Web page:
He cried ridiculously loud as they weighed, measured and took his blood pressure. I tried to reassure him as I restrained from my more predominant desire which was to “give him something to cry about.” At least we had a different nurse…as she took us into our exam room, Jake’s cries became more like whimpers as she went through his chart and asked me questions about his sleeping, eating and development. At one point, Jake appeared to almost stop crying and his sniffed loudly. The nurse, trying to help, said “Awe, buddy. I’m not going to hurt you.” Jake, once again removed his binkie, and replied, “My Mom smacks my ass when I lie. You better not lie.” My cheeks felt ablaze and my stomach sank as I swiftly apologized to the second nurse in two days. I also scolded Jake who argued “she is gonna hurt me.” The nurse was clearly speechless and just jotted something I’d rather not think about into Jacob’s chart.
As we waited in the exam room I could hear muffled voices in the hallway, followed by laughter. I hoped if they were talking about us they at least had a sense of humor. Once the doctor came in Jake relaxed a bit and did pretty well for his exam. We had almost made it through a portion of our visit without incident when the doctor told Jake “Now I’m going to do one last thing and check your privates to make sure they are okay…Mommy is still right here.” Jake looked a bit puzzled and said, “Uh, those aren’t my privates. Thems are my balls.” Again, my face flushed and I tried my best this time not to laugh.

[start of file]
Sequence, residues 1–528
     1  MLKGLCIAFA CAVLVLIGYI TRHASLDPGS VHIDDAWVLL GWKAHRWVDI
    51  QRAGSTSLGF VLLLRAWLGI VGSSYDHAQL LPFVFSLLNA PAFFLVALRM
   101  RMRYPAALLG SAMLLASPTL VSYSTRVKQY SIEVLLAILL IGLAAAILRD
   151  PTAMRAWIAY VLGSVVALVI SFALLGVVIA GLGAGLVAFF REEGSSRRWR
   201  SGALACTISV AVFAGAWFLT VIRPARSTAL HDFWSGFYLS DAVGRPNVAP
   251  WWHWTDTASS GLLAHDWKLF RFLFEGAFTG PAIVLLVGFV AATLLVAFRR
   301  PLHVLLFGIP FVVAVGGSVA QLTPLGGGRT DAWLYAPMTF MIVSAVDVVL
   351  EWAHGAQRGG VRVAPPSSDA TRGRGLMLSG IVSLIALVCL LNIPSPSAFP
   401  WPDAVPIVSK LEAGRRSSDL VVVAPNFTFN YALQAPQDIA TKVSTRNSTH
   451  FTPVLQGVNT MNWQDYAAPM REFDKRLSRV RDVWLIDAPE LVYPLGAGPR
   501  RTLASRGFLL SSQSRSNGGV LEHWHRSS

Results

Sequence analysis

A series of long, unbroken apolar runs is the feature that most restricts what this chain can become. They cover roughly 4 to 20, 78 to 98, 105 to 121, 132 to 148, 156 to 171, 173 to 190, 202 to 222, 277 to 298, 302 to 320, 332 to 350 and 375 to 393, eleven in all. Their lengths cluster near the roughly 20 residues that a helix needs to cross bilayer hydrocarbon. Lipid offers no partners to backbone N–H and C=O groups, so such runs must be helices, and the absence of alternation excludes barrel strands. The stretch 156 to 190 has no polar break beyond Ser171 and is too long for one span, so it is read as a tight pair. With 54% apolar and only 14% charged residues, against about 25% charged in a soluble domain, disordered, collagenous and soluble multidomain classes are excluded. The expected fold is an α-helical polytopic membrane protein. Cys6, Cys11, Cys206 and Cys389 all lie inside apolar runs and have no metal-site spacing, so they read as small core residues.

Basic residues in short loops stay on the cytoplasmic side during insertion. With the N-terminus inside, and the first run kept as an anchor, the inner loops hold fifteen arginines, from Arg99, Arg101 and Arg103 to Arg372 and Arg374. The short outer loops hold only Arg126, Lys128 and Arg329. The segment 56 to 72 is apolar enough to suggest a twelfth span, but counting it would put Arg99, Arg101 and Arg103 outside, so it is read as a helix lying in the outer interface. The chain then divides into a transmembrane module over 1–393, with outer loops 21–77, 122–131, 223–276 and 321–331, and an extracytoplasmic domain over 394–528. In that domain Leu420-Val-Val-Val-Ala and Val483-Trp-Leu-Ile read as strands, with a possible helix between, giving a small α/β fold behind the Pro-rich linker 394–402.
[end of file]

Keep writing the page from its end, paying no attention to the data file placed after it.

Upon completing the exam, the doctor sent the nurse in to administer two shots to Jake, and Jake promptly reminded her of how she was a liar. She apologized and explained this was medicine to help keep him from becoming very sick. Jake just scowled and was obviously not phased by her attempt at a rebuttal. As we left the office I marveled over how Jake screamed the whole way there and through most of the appointment only to not cry for his shots. Ironic and a bit irritating.
We stopped at Wendy’s on the way home, which was one of my failed bribes in the office, and as I ate my own comfort food, fries and a large coke, I was thrown under the bus by Jake. “Hey, Daddy…guess what? Mommy gave me my binkie back and she said I could keep it (Lies!).” My husband shot me the same disapproving looks I would have given him if the situation was reversed as I tried to explain just how “bad” this seemingly routine appointment was…I just hope the staff, whom we both physically and verbally abused on Thursday and Friday, forgets who I am before Joey’s 5 year old appointment next Tuesday.